Roshan Puri, Investment Director, YFM Equity Partners:
Buy-and-build, roll-up, bolt-on – these sounds more like manufacturing processes than strategies to grow a business. While the private equity industry is known for using confusing terminology, it is also known for helping companies to acquire other businesses – we explain how.
Expanding into new geographic markets often means trying to build your brand, reputation and employee base from scratch in a geography with a different business culture, customer buying habits and talent pool. It can take a long time to get right, especially for a ‘people-based’ business with an account-management approach to selling (distribution partners can help add local credibility for businesses with a more productised customer offering).
One of our former investments, Fishawack Communication (now Fishawack Health), used an acquisition strategy to accelerate its international growth. Its acquisitions in the UK, the USA and Switzerland brought in teams of people with a track record of success, strong local customer relationships and expertise in highly regulated local healthcare markets.
Diversifying your customer proposition with complementary products and services is an important way to build resilience into your business model and encourage more ‘sticky’ relationships with customers.
Another of our portfolio businesses, ACC Aviation Group, acquired a consultancy-based business in Dubai, bringing an additional expertise to its client base across the world. This deepened ACC’s customer relationships, adding longevity and diversity to the revenue streams. Philip Mathews, CEO of ACC says: “The acquisition has enabled us to provide a full-service offering, deepening relationships with our customers.”
Acquiring a competitor can lead to a ‘one plus one equals three’ type calculation. Combining the brains of two top organisations in a sector can lead to greater innovation, better customer service and a more efficient business.
Our investment in Indigo Telecom Group helped it to acquire one of its closest competitors, doubling its size overnight and giving it the bandwidth to grow internationally together, rather than fighting over the same turf as independent organisations.
Of course, acquisitions also increase your business size, potentially making you more attractive to an ultimate acquirer.
How can private equity help?
The origination, negotiation and due diligence of acquisition opportunities is time consuming, requires a robust process and an element of pattern recognition based on experience of what has worked well in the past or more importantly, what hasn’t.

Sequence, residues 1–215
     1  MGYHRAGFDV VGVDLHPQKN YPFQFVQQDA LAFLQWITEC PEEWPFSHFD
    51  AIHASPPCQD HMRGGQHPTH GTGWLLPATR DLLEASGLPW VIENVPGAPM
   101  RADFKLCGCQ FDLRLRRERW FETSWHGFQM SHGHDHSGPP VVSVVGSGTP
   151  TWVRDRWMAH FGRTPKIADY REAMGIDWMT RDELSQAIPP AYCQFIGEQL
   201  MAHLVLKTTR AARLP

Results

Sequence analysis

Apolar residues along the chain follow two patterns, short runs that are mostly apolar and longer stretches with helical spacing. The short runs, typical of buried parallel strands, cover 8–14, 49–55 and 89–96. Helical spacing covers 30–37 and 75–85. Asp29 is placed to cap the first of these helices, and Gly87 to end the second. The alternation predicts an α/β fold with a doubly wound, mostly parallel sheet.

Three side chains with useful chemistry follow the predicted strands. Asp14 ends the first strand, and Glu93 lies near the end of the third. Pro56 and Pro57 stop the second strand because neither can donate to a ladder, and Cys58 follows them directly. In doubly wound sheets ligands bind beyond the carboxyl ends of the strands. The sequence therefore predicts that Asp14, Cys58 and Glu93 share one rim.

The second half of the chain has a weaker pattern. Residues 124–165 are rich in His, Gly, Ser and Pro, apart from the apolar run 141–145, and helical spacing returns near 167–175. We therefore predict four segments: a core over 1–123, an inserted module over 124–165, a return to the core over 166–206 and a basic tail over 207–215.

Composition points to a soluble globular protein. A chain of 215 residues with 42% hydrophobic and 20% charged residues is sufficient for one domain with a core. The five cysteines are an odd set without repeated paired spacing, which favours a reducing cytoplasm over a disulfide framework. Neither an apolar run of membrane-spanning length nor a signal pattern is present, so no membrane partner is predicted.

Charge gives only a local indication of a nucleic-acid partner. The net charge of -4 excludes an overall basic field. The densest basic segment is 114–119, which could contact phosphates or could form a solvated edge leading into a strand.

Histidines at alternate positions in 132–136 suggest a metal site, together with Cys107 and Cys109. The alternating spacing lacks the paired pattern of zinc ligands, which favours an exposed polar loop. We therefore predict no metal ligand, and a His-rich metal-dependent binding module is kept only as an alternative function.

Good professional advisers are an essential part of any deal, however an equity partner with a vested financial interest who’s going to feel the pain of a costly mistake alongside you, will be very focused on helping you avoid them. The process of learning relies on a feedback loop of seeing the results of decisions made. Working with management teams of companies for years after making an investment decision allows private equity to codify the hallmarks of a successful deal.
An acquisition strategy is heavily influenced by the nature of its funding. Flexibility of funding can be a huge advantage – allowing you to go after bigger opportunities, faster and with more certainty. Avoiding sleepless nights worrying about banking covenants can also be quite attractive to some.
The cost of capital is relative to what it achieves. Private equity capital is paid for in a large part by the growth in the value of a business, whereas bank debt it paid for out of its cash flows. The purpose of private equity investment is to encourage growth by freeing up a business to invest cash flows into operations.
What we have learnt from supporting portfolio company acquisitions:
Acquisitions are rarely a ‘quick win’ strategy. Significant work is required to properly integrate operations, systems and cultures and, to do this successfully, the acquiring business must provide a stable platform. Agreeing a common ‘first 100 day plan’ prior to the deal provides clarity, highlights areas of risk and helps prioritise actions.
Focus on customers and employees to ensure they understand the benefits of the acquisition to them, creating alignment and a common understanding of the value of the deal to all stakeholders.
An acquisition must have both strategic and financial logic. A clearly defined strategy and a shared vision of innovation and sustainability made the acquisition of Aluvista by Macro Art a compelling proposition. Michael Green, MD of the combined business, notes: “The teams shared the same vision that re-usable modular systems, which reduced waste and could be completely recycled would only increase in demand over the following years. This acquisition provided us with the chance to accelerate innovation and sustainability in our offering.”
Acquiring a business is not a zero-sum game. You are not trying to win in a negotiation, but rather agree a good position for all parties. Deal dynamics are as important as the quality of the business. The structure of a deal must incentivise behaviours that are in the long-term interest of the combined business. Take time to think this through. An investment partner with experience and a vested interest in the growth of your business should be able to help you see round corners.
Establish a process, define the acquisition target criteria and stick to it. Ensure you have the right resources, support and competencies to originate, review and negotiate an acquisition without distracting from your organic growth plan.
The lessons learnt over years of investing are codified in a private equity investment-review process. Sharing this process, deal experience and resources to support businesses in making acquisitions can help give companies a competitive advantage. This is why private equity can be a good partner to support your acquisition strategy.